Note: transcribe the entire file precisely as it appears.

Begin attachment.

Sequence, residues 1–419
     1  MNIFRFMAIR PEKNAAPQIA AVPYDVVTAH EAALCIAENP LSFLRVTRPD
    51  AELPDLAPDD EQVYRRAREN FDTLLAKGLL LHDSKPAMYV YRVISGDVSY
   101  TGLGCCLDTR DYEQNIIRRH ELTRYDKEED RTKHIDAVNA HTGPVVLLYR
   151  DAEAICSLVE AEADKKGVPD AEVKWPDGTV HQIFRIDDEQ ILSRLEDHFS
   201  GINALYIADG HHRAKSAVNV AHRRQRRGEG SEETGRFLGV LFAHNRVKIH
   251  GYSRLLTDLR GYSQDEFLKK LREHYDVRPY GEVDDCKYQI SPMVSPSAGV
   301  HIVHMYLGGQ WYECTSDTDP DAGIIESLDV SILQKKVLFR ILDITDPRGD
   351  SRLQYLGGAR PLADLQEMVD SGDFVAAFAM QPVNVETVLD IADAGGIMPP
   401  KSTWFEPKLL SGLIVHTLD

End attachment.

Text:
Sequence, residues 1–419
     1  MNIFRFMAIR PEKNAAPQIA AVPYDVVTAH EAALCIAENP LSFLRVTRPD
    51  AELPDLAPDD EQVYRRAREN FDTLLAKGLL LHDSKPAMYV YRVISGDVSY
   101  TGLGCCLDTR DYEQNIIRRH ELTRYDKEED RTKHIDAVNA HTGPVVLLYR
   151  DAEAICSLVE AEADKKGVPD AEVKWPDGTV HQIFRIDDEQ ILSRLEDHFS
   201  GINALYIADG HHRAKSAVNV AHRRQRRGEG SEETGRFLGV LFAHNRVKIH
   251  GYSRLLTDLR GYSQDEFLKK LREHYDVRPY GEVDDCKYQI SPMVSPSAGV
   301  HIVHMYLGGQ WYECTSDTDP DAGIIESLDV SILQKKVLFR ILDITDPRGD
   351  SRLQYLGGAR PLADLQEMVD SGDFVAAFAM QPVNVETVLD IADAGGIMPP
   401  KSTWFEPKLL SGLIVHTLD